Nov 29, 2011

2012 Sports Photography Calendar - Trail Running Cover Shot Explained

Every year I receive numerous request about my photography calendars and despite the tremendous work that is involved, it's rewarding to see the finished product.  A huge thanks goes to the athletes included within and my wife for getting it to print!

So for those asking, go here to purchase: 2012 SPORT/ADVENTURE CALENDARS ON SALE NOW (just $10)

About "The Cover Shot": This years cover shot comes from a shoot for Mountain Hardwear/Montrail this past year in Lake Tahoe, CA featuring ultra trail runner extraordanare, Max King.  Max has way too many titles and accompanying list of victories to include here, but suffice it to say that he's wicked fast (sub 4:40 miles on pavement), ridiculously smooth (off-road) and one of the best athletes I've had the pleasure to work with on a photo shoot. 

We had a back-to-back days that were just plain brutal including working our way over several snow covered areas on the flume trail that were normally dry this time of year.  In all we ended up traversing about 6,000+ vertical feet on two consecutive days (First scouting and back to shoot the next day with gear, crew and athletes) to get to this location and meet our shoot objectives of environment long-range photography -- 'rave run' type stuff.

Initially, I had another shot picked out to shoot near this location (see below), which we had discussed in our pre-production days that would  provide an awesome environmental sport image.  But like any other location shoot, once I'd nailed what needed to happen according the the brief, I began exploring for additional compositions.  This was a  moment for me to push the creative direction and shot list just a bit further and capture something unexpected and engaging.  We explored the trail and found just up from our first location a piece of overhanging piece granite rock that was intriguing both compositionally and aestically.  I decided to rally the troops (who were well spent) and shoot this local also.    The set-up took about a half an hour as I employed a favorite rig I like to call the 'mini heli'; essentially a camera mounted boom pole that allows me to get an 'mini' aerial perspective of a location very quickly and with minimal gear.  This was the perfect location for the mini heli!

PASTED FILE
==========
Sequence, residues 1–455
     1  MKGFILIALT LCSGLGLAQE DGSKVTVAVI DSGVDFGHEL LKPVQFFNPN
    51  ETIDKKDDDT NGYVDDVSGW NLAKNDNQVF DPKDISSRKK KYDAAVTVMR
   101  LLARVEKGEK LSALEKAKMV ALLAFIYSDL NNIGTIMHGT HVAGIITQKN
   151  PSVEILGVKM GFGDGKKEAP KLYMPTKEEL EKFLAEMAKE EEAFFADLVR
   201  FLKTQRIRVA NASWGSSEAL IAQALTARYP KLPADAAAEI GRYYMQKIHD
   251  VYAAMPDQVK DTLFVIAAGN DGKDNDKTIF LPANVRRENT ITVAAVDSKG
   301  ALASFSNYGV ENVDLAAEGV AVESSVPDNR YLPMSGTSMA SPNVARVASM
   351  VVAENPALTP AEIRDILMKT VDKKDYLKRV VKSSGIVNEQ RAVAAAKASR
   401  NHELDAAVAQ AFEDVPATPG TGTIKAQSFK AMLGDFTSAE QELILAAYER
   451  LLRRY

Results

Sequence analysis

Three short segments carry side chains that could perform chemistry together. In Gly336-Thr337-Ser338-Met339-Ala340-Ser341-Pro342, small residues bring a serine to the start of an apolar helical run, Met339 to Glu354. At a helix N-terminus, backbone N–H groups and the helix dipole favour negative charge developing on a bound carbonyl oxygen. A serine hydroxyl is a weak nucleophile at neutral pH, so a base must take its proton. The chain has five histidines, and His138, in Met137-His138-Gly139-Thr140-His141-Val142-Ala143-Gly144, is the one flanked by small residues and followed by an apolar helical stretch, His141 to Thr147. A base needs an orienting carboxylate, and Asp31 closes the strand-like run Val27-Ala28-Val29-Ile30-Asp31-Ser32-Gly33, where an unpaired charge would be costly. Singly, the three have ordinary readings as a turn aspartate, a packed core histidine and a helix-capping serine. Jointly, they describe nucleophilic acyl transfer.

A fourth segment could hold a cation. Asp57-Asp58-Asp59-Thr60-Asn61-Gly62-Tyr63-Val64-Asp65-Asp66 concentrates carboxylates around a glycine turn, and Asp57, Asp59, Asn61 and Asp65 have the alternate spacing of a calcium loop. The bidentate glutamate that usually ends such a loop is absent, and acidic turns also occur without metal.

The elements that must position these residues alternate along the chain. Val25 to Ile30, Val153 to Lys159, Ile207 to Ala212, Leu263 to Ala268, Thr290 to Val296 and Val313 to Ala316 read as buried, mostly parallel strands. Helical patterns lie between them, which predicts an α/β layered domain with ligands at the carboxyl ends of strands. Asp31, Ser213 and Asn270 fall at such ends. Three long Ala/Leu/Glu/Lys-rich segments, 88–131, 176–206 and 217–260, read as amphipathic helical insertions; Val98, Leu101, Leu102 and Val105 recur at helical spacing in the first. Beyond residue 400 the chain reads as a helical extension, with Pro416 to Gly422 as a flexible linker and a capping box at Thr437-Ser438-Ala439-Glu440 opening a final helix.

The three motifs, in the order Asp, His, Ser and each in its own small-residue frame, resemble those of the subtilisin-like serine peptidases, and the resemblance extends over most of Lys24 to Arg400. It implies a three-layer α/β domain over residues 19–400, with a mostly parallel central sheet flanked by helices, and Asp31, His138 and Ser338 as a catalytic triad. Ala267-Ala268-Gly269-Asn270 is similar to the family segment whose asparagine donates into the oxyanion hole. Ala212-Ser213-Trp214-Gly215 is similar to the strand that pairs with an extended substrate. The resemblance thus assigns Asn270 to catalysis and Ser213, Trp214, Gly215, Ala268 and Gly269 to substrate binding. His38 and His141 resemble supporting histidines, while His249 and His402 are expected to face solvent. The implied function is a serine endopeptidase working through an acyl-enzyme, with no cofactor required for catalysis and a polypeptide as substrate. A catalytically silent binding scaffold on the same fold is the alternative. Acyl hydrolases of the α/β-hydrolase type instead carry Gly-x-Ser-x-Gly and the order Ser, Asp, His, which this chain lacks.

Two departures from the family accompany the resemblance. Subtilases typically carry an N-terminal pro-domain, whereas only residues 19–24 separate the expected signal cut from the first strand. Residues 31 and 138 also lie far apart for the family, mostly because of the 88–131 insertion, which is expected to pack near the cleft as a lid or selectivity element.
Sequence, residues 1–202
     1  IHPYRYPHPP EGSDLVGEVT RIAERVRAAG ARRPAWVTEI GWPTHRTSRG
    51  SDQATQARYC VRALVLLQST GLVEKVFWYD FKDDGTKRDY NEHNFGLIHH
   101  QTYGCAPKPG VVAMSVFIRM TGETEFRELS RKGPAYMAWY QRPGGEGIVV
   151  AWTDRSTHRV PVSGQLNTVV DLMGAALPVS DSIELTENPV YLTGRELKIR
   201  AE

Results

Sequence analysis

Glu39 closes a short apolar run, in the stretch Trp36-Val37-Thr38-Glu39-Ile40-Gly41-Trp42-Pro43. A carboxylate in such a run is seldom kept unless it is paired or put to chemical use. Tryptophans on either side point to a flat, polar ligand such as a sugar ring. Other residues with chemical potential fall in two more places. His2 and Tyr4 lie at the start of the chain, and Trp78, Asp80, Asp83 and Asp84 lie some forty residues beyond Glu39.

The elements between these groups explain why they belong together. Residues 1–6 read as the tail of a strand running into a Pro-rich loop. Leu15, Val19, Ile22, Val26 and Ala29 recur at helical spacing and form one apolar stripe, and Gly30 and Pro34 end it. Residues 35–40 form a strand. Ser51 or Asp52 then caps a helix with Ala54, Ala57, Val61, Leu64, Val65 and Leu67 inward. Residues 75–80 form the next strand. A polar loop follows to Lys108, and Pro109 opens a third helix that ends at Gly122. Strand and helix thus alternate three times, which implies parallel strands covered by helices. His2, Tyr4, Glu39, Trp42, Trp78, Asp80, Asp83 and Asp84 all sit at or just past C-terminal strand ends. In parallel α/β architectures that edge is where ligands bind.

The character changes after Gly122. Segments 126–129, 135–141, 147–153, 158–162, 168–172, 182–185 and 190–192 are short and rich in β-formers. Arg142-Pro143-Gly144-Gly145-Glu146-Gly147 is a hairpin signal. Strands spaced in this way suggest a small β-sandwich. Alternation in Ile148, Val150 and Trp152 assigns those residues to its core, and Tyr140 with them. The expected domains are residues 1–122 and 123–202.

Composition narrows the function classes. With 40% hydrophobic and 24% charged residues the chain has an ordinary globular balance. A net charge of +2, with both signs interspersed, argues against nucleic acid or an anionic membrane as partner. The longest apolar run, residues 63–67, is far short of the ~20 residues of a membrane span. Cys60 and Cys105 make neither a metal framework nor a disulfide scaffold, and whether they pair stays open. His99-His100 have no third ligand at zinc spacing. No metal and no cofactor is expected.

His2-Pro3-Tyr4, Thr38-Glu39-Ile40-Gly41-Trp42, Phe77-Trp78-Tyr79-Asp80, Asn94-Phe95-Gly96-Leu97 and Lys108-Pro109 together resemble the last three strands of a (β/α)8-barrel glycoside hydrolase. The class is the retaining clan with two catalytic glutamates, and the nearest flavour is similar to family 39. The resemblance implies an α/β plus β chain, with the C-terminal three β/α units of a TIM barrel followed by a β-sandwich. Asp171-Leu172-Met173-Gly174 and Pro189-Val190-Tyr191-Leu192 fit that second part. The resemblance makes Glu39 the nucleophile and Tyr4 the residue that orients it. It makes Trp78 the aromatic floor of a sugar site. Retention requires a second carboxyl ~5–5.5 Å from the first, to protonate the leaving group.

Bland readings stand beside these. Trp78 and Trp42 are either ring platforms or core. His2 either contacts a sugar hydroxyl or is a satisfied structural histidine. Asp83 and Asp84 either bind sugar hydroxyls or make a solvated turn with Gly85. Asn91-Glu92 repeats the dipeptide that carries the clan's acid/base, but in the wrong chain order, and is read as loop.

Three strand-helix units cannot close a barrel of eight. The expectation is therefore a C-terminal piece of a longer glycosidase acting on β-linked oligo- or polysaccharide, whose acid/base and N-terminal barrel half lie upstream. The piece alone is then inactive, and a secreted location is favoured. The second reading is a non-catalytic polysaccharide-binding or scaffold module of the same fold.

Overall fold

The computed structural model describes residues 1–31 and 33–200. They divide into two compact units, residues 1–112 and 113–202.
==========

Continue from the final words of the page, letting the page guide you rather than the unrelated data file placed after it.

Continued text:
We rigged up the 5D Mark II (no grip) with a 15mm fisheye, and a 4x6 sunbounce reflector and started exploring the trail from this new perspective.  The late afternoon sun worked well to backlight the runner and we bounced a little fill into the front.   Thirty minutes later we had a few takes that were solid and we called the flume trail shot a wrap!

Check out more trail running photos from this shoot in a recent case study here: photography case study with Mountain Hardwear

(Another Trail Running Shot from the Flume Trail)


Oliver RR said...
This comment has been removed by the author.
Oliver RR said...

Stunning. Makes me want to go running.

trail running said...

You really had a great experience..
It's ignites me to run..
Nice blog..:)